Leonore Overture

collects the music and arts criticism of Keith Powers

Clowns with Cellphones. Stephen LaPierre's simple comedy

Stephen LaPierre, Balancing Your Social Network. At Montserrat College of Art’s President’s Gallery.

Stephen LaPierre, Balancing Your Social Network. At Montserrat College of Art’s President’s Gallery.

Walk around the Montserrat College of Art campus in downtown Beverly, and you’ll encounter art in all sorts of galleries. And in hallways, offices, bathrooms and stairwells. Art is everywhere.

A small show, Stephen LaPierre’s “Clowns with Cell Phones,” runs through May 17 in the President’s Gallery. That would be Montserrat’s president Kurt T. Steinberg, whose office and anteroom are just another place to hang work. Six large oil paintings, with accompanying jaunty texts by LaPierre, depict a montage of clowns (surprise: it’s us) who do distracted things with our omnipresent cell mates.

LaPierre’s “Clowns with Cell Phones” series shows only one aspect of the artist. His web site (www.paintpaintpaint.org) documents his prolific work, with many sets of dayscapes and nightscapes, all painted plein air. He’s painted the vernacular architecture of Key West (lots of road houses and theaters), of Rocky Neck (where the artist currently lives and works), Chicago, Vegas, Europe—LaPierre has traveled and worked everywhere, it seems. He even documented much of the Big Dig. His oils on board or canvas are classically composed and balanced, executed expeditiously but with craft.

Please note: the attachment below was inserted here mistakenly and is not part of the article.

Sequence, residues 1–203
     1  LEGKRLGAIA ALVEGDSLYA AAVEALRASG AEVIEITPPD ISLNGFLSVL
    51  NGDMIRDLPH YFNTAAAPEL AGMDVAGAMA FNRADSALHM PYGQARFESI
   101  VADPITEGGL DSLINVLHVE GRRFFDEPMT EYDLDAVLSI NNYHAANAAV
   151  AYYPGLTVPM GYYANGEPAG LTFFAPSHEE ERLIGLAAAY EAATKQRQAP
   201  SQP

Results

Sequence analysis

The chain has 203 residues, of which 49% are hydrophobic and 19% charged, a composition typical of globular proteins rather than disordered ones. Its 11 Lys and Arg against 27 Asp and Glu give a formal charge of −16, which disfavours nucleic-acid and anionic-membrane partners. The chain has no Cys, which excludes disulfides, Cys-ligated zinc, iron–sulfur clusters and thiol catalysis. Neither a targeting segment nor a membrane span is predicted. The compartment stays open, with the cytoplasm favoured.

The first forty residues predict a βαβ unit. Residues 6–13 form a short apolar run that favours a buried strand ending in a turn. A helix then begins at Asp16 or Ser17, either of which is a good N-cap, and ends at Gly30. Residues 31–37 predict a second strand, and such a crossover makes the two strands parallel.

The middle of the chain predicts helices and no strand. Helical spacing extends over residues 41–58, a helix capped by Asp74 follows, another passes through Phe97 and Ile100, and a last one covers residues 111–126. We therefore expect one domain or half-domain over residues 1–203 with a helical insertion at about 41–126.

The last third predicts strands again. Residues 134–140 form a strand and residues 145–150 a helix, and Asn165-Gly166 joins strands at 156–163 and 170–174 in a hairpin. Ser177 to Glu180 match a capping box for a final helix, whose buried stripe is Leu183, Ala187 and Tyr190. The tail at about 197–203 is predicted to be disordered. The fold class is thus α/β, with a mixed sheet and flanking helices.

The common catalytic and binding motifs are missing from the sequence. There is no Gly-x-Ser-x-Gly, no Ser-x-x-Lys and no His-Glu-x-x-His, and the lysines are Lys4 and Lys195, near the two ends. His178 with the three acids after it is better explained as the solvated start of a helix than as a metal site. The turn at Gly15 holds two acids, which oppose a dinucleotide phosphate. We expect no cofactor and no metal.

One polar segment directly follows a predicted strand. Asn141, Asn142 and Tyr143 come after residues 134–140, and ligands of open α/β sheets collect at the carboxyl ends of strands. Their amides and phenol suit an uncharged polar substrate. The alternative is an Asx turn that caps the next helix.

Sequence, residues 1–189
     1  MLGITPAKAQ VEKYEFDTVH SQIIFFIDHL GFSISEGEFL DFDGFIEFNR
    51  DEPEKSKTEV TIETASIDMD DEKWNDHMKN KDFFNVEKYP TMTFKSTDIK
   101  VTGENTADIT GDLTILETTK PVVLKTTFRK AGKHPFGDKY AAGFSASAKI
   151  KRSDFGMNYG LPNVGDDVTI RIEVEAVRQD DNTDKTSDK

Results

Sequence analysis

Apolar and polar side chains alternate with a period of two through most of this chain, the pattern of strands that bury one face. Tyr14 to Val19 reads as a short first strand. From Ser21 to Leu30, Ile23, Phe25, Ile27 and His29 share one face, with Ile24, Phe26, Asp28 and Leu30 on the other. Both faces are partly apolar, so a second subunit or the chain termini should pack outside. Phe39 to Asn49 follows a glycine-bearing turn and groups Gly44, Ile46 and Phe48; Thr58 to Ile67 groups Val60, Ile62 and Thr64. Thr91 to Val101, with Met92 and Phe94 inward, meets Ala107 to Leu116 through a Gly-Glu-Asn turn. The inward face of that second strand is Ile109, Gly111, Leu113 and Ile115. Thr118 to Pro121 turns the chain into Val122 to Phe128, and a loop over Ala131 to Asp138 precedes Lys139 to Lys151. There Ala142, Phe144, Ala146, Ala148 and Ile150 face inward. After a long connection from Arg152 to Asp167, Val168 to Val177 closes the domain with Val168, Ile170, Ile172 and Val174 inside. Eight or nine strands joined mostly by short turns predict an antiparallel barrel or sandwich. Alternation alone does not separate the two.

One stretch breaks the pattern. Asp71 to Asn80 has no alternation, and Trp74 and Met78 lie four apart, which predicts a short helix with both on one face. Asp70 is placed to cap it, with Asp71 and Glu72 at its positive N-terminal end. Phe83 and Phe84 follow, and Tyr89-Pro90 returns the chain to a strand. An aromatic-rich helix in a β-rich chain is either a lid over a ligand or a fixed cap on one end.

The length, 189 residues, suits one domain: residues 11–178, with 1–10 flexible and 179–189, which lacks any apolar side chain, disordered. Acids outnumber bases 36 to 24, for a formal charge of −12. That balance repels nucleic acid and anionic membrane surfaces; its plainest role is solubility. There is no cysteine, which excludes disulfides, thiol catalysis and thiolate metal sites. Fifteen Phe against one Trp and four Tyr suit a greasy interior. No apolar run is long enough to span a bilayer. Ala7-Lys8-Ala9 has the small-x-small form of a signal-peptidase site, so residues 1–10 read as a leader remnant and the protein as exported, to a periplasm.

LaPierre’s “Cell Phones with Clowns” makes a simple comic statement—anything we all do to excess makes us looks like clowns. It’s fun and direct. Jarrett J. Krosoczka writes and draws for young readers—a trickier audience. A small set of his work, arranged by series, is on view in the Schlosberg Alumni Gallery through June 8.

Krosoczka’s best-known series are his popular “Lunch Lady” graphic novels. Examples from “Monkey Boy,” “Max for President” and others are also on view. His “Hey, Kiddo” series—investigating his own tough childhood—is also represented.

A gallery exhibition of his illustrations shows only part of Krosoczka’s craft, but it does offer the chance to see his straightforward drawings. Matching relevant ideas with compelling images, for a challenging group of readers, is not easy. Krosoczka, who gives the Montserrat commencement speech later this month, lectures about his work at the Cabot Theater on May 16 (www.thecabot.org).

A brief installation during May, in another unusual location, should not be missed. Salem’s Punto Art Museum (www.puntourbanartmuseum.org), an open-air space with real energy, hosts Stephanie Benenson’s latest Harbor Voices installation, “Immigration,” from May 11–19. 

Overlapping recorded voices, with accompanying laser artwork, tell another version of the immigrant story. Visitors to Gloucester City Hall in 2017, or the Irish Potato Famine Memorial in Boston last November, will want to experience this latest iteration.  

Stephen LaPierre’s “Clowns with Cell Phones” runs through May 17 in the Montserrat College President’s Gallery, 248 Cabot St., Beverly. Jarrett J. Krosoczka’s illustrations are on view through June 8 in the Schlosberg Alumni Gallery. LaPierre’s paintings are shown by appointment: call 978-921-4242, x. 1157 or visit www.montserrat.edu.

A life of art: a fond look at the Lynch collection, at the Peabody Essex Museum.

Boston Lyric Opera: The Handmaid's Tale, reviewed.